D. M. Clemson


The Clemson

Mystery ship D. M. Clemson


By James Donahue


The sinking of the steel freighter D. M. Clemson remains one of Lake Superior’s great mysteries. The 5,530-ton steamship disappeared somewhere off Grand Marais during a winter gale on Nov. 30, 1908.


There were no survivors to tell the story. The lake, however, spit out a few clues. For weeks, debris from the ill-fated ship and bodies of some of the 24 sailors who died with it floated ashore along a 40-mile stretch of the desolate winter coastline between Crisp Point and Grand Marais.


First discoveries included flotsam and the body of the ship’s watchman, Simon Dunn, of Dublin, Ireland, which washed ashore at Crisp Point. Dunn was wearing a life preserver.


Later, pieces of the ship’s cabin, 23 red hatch covers and at least three more floating bodies were seen farther west. Only one other body was recovered. It was identified as second mate Charles Woods of Marine City, Mich.


The discovery of the wooden hatch covers led to many debates. Some argued that the covers failed the Clemson during the gale, causing water to flood the hold and sink the ship. Others said they thought the ship broke in two and sank quickly. They said the force of compressed air in the hold of a sinking ship would have caused the hatch covers to blow free.


That few bodies were recovered also supported the theory that the Clemson sank quickly and without warning. Crewmembers were either trapped inside the ship or didn’t have time to put on life preservers.


The Clemson was under the command of Capt. S. R. Chamberlain of Duluth, Minn. When it was lost. The ship was bound for Duluth with a cargo of coal from Lorain, Ohio, on what was to have been her final trip of the season.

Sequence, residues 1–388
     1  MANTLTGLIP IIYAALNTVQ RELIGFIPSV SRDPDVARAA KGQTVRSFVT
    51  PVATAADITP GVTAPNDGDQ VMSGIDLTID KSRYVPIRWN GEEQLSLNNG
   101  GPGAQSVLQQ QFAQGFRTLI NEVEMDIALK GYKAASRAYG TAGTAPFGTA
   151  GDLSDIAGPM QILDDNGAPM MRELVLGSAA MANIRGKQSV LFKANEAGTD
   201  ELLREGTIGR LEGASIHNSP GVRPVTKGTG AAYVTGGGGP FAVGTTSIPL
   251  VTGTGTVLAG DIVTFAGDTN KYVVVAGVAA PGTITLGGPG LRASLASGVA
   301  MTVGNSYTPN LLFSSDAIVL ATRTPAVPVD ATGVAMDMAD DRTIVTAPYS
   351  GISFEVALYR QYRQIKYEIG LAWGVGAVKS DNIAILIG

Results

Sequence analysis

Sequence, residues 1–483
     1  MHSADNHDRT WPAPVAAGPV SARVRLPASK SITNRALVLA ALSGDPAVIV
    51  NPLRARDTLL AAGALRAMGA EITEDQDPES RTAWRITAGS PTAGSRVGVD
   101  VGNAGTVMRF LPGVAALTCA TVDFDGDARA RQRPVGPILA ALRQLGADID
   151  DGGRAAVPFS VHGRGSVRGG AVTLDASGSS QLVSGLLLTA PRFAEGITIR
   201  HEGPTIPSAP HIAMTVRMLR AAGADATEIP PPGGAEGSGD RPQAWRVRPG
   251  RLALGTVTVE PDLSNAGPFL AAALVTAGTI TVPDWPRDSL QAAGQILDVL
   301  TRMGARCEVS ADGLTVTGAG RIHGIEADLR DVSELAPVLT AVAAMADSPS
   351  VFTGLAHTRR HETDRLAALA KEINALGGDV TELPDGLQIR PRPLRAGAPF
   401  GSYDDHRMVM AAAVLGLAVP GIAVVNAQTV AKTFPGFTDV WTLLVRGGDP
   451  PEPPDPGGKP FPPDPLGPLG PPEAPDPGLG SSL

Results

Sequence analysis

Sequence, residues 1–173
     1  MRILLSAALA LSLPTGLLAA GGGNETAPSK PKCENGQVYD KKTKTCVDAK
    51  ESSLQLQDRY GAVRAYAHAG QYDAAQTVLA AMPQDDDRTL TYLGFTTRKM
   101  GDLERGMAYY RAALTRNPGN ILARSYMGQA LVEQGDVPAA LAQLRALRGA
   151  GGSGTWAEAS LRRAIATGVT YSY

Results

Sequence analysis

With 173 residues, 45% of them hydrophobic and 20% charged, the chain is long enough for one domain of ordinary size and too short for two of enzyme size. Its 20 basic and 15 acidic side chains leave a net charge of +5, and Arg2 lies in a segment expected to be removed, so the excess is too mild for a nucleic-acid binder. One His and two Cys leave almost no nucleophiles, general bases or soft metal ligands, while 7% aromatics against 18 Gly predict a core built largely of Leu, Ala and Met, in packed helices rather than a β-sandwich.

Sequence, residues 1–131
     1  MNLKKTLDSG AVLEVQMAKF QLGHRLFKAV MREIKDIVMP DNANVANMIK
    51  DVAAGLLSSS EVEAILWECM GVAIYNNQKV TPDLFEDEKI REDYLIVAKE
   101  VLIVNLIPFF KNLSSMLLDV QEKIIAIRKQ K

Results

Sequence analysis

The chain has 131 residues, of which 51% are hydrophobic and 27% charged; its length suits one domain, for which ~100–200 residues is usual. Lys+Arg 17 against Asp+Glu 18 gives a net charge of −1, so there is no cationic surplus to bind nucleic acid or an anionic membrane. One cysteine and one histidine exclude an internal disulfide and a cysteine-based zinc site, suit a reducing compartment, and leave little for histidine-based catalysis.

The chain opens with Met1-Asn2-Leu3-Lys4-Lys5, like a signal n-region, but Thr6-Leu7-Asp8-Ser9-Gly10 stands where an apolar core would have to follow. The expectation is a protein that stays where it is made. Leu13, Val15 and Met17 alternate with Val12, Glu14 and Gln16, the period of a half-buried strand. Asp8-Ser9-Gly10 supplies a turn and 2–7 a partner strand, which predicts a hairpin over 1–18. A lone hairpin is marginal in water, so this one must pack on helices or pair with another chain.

It cleared the Sault Ste. Marie locks at 9:30 a.m. Nov. 30 with the steamer J. H. Brown. The two vessels traveled within sight of each other until they cleared Whitefish Point.


Captain Chamberlain chose the southern route, which was a more direct course to Duluth, and turned the Clemson due west. Captain Frank Chamberlain, master of the Brown, chose a northern route around Isle Royale because he felt it offered more protection in the fall from fierce northerly gales.


Such a gale struck the lake within hours after the two boats parted. Frank Chamberlain said it was the worst storm he ever went through. “Good old Lake Superior was rolling over our decks house-high,” he told a Sault Ste. Marie reporter.


The Clemson’s crew apparently was not worried about storms when they turned their ship west. The boat was relatively new, having been launched only five years earlier. Measuring 468-feet in length, the vessel was considered among the giants of its day.


Structural damage from an earlier accident might have contributed to the ship’s break-up, suggests author Frederick Stonehouse in his book, “Went Missing.” Stonehouse said the ship struck a lighthouse pier at Ashtabula on Oct. 20.


That accident damaged 10 hull plates and a water tank on the starboard side. Temporary repairs were made until the Clemson was laid up for the winter, Stonehouse said.


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